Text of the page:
• Two years of the date of the deceased’s death in a personal claim
  • One year if the claim is against the government.

A wrongful death claim may be filed even if a criminal case has already been filed or will be filed in connection with the death. Because a criminal case may affect how the statute of limitations applies in a wrongful death claim, however, it is wise to speak to an attorney with experience handling Utah wrongful death claims.

What Is My Case Worth?

This question is difficult to both ask and answer, because there is no real amount of money that can compensate for your loss or that can replace the worth of your loved one. This is one reason for hiring an attorney—someone with experience in this field can help you determine whether it is worth it to file a claim. Before you file, you must evaluate how much you can expect to recover. How much will the case cost you in terms of time, money, and emotion? What are your chances of success? Here are some basic factors that we use to help you determine the value of a wrongful death claim:

  1. The compensation allowed by Utah law
  2. Your likeability, which includes the type of witness that you will make and how you will relate to the jury
  3. The type of life the deceased person led and their reputation in the community
  4. The amount of insurance the at-fault party has and the value of their assets
  5. The type of witness the at-fault party will make and what he or she was doing at the time of the accident
  6. The factors surrounding the death (i.e. was the at-fault driver drinking?)
  7. The county where the case is located
  8. The reputation of the judge and the reputation of a typical jury in your specific county

Wrongful Death Compensation

According to Utah law, damages that may be recovered in a successful wrongful death case include:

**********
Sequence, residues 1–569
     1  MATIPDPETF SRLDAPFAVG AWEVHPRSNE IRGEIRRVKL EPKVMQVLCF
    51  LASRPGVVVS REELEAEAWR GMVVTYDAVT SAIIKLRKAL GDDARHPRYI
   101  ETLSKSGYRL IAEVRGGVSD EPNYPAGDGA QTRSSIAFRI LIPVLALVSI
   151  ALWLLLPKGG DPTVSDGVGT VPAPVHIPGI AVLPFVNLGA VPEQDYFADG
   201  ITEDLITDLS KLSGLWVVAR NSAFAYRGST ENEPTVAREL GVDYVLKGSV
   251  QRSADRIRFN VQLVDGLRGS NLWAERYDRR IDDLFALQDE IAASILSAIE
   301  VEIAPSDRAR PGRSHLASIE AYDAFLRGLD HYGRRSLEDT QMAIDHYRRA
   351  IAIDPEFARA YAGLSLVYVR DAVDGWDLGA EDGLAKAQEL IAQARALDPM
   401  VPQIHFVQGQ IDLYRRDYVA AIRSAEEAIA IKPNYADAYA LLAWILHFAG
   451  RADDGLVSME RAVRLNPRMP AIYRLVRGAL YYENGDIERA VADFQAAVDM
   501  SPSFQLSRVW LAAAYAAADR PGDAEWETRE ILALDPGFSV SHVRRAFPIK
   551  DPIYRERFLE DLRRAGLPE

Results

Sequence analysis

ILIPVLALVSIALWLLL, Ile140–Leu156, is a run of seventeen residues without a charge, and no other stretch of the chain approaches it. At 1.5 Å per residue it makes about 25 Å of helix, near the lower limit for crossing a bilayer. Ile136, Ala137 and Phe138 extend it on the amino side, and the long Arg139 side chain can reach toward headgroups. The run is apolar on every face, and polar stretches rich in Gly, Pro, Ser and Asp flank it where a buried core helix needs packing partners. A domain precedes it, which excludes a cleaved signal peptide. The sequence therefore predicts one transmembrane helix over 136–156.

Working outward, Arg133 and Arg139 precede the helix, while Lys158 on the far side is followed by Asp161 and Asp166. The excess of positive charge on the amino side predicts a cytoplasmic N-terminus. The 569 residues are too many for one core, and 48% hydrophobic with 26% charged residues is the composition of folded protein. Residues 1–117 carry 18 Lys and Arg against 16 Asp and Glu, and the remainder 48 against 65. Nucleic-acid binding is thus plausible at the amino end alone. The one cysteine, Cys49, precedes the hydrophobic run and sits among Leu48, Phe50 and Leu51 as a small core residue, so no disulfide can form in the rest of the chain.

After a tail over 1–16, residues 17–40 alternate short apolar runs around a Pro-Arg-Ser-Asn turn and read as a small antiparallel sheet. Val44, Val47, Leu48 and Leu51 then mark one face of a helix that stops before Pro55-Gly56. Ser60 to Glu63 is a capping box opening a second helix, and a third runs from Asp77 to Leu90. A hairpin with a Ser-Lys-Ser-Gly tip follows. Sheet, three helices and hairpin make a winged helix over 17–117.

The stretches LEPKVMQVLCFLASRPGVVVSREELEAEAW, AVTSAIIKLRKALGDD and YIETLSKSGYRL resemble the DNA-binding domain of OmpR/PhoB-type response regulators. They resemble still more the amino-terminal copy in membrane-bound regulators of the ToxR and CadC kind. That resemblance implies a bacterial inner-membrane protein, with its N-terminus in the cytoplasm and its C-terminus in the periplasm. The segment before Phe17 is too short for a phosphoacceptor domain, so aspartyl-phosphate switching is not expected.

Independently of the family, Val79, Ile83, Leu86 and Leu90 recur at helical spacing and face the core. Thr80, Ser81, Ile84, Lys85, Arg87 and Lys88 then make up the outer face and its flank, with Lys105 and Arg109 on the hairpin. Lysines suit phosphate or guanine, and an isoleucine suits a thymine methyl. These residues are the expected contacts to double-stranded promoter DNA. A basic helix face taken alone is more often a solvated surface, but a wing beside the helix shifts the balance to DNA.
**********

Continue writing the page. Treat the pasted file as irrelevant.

• funeral and burial expenses
  • medical expenses related to the deceased person’s final injury or illness
  • lost wages, including the value of future wages and benefits lost as a result of the untimely death
  • pain and suffering endured by surviving family members as a result of the death
  • loss of care, companionship, guidance, and
  • punitive damages

Why Hire An Attorney?

As you know, laws and procedures involved in wrongful death claims are complex. It is extremely important for you to consult with an attorney who has specific and adequate experience with litigating wrongful death cases. Attorneys can be important assets that will help you with:

  • Obtaining evidence (i.e. written statements, specific measurements, witness accounts, etc.)
  • Understanding the state statutes (including the statute of limitations or how much time you have to file the claim)
  • Completing forms necessary to file the claim (including filing documents like the summons, complaint, etc.)
  • Understanding your role as a “Personal Representative”
  • Calculating expenses

Photo copyright to Don LaVange

Photo copyright to Connor Tarter

Ken Christensen
Partner, Founder at Christensen & Hymas
Ken Christensen is the founding partner of Christensen & Hymas. He is an avid cyclist, loves baseball, and enjoys spending time with his family in the outdoors.